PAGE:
How To Listen To Every Song From The Boys Season 3

Every good superhero story has to have a killer soundtrack, and "The Boys" is no different, even if it is subverting a lot of superhero tropes. The series' third season features a killer soundtrack that includes music from just about every genre. There's electronica, rap, classic pop ... there's even a Spanish-language cover of a Wham! classic. So if you've been watching "The Boys" and want to know who made all of these great songs and where you can find them, look no further! New episodes of "The Boys" debut on Fridays on Prime Video, and this list will be updated as new episodes drop and new songs are added. Pop on some headphones, turn it up loud, and enjoy!

Minor spoilers for "The Boys" season 3, episodes 1 to 4 ahead. 

Where to listen to the sounds of The Boys season 3

The folks at Prime Studios have made it especially easy for Spotify listeners to catch all of the songs from "The Boys" season 3, compiling an official playlist that gets updated each week as new episodes air, and new songs along with them. Fans who don't use the streaming platform can find most of the songs online on YouTube, iTunes, or wherever else music is streamed and sold, though some of the in-universe songs, like Laurie Holden's "America's Son" or Miles Gaston Villanueva's "Rock My Kiss" might be a little harder to find. The first two songs on the playlist are "Bones" by Imagine Dragons and "Heroes and Villains" by The Beach Boys, though those songs are not in the series itself but the trailers: "Bones" is the song in the red-band trailer, while "Heroes and Villains" is in the official trailer

America's Son - Laurie Holden

There are several original songs unique to "The Boys" universe in season 3, and among them is Laurie Holden as the Crimson Countess singing "America's Son." Her singing voice is lovely, but the song is a schmaltzy ballad singing the praises of Soldier Boy (Jensen Ackles), who probably isn't worthy of all the adoration given what we know about most Vought superheroes. Kimiko (Karen Fukuhara) seems pretty impressed when she watches Crimson Countess perform in episode 2, "The Only Man in the Sky," but Frenchie (Tomer Kapon) isn't having it. Later, Crimson Countess shows Kimiko her latest song and music video, but that song has yet to hit the Official "The Boys" playlist. At least you can hear the Countess croon on this track, even if the lyrics are cringe-inducing.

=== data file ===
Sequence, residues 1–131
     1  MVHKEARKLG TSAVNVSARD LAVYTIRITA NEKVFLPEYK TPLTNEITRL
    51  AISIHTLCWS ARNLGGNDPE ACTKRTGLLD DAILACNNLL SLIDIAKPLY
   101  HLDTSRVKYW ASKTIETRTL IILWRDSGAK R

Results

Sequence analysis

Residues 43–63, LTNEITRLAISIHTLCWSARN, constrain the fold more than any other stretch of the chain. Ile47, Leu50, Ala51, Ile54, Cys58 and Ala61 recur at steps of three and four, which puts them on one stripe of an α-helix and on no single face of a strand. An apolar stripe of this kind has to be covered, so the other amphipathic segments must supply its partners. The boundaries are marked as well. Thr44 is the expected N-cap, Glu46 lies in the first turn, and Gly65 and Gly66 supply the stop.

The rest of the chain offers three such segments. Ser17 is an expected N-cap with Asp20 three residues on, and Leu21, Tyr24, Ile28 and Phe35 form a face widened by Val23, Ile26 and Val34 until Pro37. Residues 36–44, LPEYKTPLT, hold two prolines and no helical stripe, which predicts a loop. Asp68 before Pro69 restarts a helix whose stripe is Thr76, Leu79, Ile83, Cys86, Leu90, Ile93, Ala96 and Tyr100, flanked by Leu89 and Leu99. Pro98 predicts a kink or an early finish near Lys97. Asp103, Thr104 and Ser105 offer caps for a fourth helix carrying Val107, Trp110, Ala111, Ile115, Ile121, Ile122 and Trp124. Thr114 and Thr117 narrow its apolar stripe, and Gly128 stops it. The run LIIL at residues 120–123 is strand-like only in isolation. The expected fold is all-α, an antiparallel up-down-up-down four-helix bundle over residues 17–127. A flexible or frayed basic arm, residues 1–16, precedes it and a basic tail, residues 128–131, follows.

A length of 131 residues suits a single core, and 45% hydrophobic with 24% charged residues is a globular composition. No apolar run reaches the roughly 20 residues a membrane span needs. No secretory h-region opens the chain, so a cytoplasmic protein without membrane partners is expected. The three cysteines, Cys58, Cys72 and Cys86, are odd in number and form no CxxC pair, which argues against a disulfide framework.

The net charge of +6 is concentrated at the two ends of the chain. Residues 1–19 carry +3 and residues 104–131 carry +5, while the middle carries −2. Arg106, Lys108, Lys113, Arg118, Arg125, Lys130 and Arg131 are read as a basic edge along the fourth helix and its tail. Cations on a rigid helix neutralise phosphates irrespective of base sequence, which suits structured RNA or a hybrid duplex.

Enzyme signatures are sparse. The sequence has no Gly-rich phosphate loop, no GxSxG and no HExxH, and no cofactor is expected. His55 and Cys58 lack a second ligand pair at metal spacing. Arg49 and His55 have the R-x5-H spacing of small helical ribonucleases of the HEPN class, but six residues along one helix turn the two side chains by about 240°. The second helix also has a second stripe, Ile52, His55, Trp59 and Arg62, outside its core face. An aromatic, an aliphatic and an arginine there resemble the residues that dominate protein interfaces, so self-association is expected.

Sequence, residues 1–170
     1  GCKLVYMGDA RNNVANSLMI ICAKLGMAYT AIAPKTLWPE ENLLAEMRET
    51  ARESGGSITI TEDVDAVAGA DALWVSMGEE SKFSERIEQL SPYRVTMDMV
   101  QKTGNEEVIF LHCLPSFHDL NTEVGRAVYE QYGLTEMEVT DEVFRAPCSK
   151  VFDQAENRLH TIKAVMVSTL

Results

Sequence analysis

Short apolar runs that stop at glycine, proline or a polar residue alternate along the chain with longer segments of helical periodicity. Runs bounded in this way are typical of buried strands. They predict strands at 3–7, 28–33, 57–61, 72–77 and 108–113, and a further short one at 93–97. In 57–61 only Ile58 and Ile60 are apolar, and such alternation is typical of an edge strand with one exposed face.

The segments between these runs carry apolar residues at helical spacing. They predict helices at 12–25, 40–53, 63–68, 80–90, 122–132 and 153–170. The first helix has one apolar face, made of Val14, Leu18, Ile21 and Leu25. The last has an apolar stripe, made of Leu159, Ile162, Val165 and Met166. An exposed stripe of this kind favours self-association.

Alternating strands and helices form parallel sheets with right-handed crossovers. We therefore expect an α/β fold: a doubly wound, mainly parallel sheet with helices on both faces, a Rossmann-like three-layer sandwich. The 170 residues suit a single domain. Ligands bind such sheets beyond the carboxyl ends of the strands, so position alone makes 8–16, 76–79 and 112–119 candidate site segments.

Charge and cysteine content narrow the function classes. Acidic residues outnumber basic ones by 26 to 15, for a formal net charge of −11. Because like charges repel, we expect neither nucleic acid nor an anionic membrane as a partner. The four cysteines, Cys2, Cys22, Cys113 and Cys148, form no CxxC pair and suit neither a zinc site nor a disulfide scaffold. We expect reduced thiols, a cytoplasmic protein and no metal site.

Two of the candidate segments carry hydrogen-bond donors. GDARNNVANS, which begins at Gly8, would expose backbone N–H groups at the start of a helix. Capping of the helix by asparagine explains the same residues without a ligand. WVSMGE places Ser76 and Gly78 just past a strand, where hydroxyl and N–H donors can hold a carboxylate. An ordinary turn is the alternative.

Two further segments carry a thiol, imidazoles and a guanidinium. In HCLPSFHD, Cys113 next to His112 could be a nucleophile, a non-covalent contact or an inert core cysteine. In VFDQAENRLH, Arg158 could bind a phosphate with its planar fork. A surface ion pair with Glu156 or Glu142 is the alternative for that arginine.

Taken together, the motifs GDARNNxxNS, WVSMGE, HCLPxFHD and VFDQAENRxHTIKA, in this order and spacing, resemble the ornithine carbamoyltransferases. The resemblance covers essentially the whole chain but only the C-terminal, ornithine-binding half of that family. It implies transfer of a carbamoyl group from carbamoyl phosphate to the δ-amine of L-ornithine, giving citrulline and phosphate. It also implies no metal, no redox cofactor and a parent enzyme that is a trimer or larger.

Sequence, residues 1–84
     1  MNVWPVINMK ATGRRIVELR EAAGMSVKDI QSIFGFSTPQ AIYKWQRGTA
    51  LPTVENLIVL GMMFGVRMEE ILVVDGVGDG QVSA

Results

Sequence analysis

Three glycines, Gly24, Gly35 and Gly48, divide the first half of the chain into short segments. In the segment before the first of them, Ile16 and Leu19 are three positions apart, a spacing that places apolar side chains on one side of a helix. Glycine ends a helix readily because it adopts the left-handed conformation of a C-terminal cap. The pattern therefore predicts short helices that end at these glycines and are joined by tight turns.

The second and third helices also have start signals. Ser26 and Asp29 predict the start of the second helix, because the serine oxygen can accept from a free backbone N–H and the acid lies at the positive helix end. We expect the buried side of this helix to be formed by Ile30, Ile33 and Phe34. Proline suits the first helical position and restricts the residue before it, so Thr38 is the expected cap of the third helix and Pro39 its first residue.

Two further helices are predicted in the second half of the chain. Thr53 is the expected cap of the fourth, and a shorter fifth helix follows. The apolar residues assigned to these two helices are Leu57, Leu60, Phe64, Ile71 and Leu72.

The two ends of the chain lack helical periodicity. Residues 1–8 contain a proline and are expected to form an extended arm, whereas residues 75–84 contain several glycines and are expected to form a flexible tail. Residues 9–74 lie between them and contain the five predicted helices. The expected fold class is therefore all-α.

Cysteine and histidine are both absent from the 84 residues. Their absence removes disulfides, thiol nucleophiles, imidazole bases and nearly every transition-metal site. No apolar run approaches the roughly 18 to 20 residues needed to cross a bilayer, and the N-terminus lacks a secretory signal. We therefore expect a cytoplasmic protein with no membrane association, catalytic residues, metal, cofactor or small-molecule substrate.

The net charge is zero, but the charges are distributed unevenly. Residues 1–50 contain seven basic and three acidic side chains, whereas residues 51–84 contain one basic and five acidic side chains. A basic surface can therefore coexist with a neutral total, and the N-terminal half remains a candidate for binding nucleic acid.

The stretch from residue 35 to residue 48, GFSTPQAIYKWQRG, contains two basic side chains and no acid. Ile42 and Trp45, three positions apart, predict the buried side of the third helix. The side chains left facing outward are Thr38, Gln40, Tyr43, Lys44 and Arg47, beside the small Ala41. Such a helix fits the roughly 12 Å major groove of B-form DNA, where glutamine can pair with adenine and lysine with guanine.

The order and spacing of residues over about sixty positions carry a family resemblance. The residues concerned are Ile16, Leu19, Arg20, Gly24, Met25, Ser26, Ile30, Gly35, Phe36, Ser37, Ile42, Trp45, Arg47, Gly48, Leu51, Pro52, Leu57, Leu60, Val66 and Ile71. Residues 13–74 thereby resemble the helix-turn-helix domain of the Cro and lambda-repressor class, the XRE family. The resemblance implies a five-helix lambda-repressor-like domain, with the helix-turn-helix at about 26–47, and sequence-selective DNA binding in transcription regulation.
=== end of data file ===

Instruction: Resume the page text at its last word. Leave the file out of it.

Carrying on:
Devotion - One True God, adam&steve

This one's not quite as obvious as a lot of the others, but "Devotion" by electronic artists One True God with adam&steve plays in the background in episode 1 when Kimiko and Frenchie investigate a party looking for the superhero Termite (Brett Geddes). The song plays while Termite is having sex with a plastic doll and the crowd cheers him on (which isn't my idea of entertainment but good for them, I guess). 

Uptown Girl - Billy Joel

Hughie (Jack Quaid) and Annie, aka Starlight (Erin Moriarty) haven't had the easiest romance. She's one of the members of the Seven, while he's now working with Victoria Neuman and the Federal Bureau of Superhuman Affairs as a senior analyst, so things seem like they might finally be a bit peaceful for the pair. In episode 1, "Payback," Hughie wakes up in Annie's apartment and we see their morning routine, including sex, a quick workout for Hughie, and a healthy breakfast all set to Billy Joel's "Uptown Girl." The lyrics perfectly fit the differences in Hughie and Annie's lifestyles, as he tries to figure out his place in the corporate-government nightmare of Vought and the FBSA, while she soars as America's sweetheart. The lyric "She'll say I'm not so tough just because I'm in love" is especially sweet, because Hughie clearly is head over heels for Annie.